Over the weekend I went to Sky High Comics with a friend of mine while he participated in a card tournament. While at the comic book shop, I began to see the obvious connections that comics have with masculinity and the warrior myth. The comic book memorabilia and artwork around the store reflected the exaggerated masculine identity, reminiscent of a cartoon Rambo. Nearly every inch of the walls was covered in posters of super heroes with bulging muscles, taking on the most dangerous villains the comic book world as ever seen. I noticed that almost none of these posters were of female super heroes, and in fact, if they did show a woman, she was often in the process of being rescued by her male counterpart. Comic book heroes such as these clearly display the overly masculine heroes, who's creators and followers "began to dream, to fantasize about the powers and features of another kind of man who could retake and reorder the world" (Gibson 632).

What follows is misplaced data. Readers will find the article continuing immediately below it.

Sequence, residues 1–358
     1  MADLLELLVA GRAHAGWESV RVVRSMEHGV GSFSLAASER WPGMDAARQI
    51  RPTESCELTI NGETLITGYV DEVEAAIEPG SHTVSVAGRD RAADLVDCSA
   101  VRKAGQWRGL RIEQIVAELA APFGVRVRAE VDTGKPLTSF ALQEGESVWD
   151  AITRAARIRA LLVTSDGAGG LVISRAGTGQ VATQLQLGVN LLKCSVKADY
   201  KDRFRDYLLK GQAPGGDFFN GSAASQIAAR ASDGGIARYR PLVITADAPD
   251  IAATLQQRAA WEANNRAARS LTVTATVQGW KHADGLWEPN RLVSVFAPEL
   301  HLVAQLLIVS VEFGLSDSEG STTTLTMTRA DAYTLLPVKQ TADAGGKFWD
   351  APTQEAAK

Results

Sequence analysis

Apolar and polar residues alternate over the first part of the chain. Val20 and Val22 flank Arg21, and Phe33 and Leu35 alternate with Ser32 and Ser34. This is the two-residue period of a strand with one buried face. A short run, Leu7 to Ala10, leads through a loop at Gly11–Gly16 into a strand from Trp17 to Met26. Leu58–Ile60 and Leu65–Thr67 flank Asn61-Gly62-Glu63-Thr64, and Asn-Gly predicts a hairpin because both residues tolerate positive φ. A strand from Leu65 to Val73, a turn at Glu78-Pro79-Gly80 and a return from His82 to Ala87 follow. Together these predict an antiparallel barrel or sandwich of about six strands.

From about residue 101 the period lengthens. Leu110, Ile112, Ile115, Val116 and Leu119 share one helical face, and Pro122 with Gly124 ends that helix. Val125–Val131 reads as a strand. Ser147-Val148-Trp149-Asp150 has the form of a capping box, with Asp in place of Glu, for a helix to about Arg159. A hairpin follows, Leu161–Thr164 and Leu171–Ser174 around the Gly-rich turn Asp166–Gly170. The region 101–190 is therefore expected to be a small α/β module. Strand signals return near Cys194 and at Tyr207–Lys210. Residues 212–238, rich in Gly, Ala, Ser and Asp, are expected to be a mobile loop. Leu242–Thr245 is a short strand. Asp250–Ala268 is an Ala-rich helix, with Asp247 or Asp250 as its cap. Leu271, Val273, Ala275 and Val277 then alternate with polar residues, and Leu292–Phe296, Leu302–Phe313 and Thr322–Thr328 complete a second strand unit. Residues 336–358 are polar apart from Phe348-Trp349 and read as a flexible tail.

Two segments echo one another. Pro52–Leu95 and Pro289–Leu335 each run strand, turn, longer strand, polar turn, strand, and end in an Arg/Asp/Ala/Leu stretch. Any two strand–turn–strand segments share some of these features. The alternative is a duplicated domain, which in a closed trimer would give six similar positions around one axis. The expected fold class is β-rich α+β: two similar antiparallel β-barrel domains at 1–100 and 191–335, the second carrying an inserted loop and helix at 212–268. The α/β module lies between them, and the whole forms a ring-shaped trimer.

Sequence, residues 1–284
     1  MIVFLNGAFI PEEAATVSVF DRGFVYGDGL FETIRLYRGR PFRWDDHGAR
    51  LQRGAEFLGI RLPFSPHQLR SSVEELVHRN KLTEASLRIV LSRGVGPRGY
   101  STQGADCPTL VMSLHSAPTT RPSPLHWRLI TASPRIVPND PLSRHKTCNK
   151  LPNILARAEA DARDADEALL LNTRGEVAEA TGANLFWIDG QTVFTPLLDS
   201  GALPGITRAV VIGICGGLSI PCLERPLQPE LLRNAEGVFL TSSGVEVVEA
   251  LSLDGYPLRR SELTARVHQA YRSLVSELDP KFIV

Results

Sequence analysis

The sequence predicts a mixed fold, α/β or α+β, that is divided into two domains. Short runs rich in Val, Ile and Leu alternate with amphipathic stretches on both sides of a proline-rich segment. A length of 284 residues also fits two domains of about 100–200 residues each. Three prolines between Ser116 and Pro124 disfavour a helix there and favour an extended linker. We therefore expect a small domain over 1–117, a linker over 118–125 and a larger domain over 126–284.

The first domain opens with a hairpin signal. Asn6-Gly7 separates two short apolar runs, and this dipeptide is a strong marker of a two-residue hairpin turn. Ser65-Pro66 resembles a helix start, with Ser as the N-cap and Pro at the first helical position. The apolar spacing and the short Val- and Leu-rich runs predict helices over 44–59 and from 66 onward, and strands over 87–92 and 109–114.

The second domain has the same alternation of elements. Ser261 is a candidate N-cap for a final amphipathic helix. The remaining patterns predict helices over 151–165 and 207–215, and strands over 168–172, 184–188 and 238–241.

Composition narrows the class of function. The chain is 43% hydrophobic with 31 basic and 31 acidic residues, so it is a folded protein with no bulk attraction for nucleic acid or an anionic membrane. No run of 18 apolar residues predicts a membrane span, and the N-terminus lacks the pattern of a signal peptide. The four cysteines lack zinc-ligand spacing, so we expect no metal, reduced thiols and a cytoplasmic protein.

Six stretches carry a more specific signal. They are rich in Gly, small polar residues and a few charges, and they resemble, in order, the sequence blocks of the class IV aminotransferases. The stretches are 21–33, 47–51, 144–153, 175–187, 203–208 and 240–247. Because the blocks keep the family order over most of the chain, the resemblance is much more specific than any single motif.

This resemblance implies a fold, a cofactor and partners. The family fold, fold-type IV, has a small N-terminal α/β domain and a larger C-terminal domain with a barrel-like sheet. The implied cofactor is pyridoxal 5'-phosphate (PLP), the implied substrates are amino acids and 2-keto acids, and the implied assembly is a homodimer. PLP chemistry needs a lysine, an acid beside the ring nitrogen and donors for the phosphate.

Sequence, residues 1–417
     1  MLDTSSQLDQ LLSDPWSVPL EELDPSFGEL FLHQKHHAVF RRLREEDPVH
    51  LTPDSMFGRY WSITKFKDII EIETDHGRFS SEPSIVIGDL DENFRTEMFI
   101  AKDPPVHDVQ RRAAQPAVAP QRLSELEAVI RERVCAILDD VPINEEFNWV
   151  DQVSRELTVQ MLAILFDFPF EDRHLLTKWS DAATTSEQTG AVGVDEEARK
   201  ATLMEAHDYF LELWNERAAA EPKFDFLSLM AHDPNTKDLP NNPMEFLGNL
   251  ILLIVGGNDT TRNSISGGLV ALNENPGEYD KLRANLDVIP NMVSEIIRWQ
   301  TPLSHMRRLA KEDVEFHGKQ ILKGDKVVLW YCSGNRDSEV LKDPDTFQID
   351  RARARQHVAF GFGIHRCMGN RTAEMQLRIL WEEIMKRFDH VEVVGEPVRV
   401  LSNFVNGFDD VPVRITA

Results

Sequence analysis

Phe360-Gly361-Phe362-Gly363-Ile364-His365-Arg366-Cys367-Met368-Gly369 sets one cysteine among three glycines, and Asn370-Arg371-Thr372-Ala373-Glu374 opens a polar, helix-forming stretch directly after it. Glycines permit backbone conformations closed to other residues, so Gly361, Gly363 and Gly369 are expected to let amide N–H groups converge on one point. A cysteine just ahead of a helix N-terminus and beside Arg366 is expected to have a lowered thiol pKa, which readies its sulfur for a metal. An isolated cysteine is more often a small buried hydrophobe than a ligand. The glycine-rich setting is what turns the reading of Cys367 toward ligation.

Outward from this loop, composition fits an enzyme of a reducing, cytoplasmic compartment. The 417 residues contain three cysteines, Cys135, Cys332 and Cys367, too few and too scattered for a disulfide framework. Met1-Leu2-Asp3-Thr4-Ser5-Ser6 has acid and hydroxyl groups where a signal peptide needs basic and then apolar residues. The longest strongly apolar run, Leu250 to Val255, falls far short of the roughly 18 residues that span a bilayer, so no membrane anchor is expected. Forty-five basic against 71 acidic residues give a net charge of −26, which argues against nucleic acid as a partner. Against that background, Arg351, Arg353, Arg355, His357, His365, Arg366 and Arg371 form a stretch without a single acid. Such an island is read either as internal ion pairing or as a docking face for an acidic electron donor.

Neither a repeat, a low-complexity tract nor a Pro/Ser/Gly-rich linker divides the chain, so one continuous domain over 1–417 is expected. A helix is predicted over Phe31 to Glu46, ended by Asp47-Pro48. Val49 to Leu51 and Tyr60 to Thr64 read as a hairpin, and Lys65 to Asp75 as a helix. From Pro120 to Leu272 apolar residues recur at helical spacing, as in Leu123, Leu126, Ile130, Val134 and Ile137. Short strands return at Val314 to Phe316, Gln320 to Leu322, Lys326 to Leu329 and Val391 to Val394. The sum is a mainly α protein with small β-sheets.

Gibson, James W. "Warrior Dreams." Signs of Life in the USA. Boston: Bedford/St. Martin's, 2009. 625-33. Print.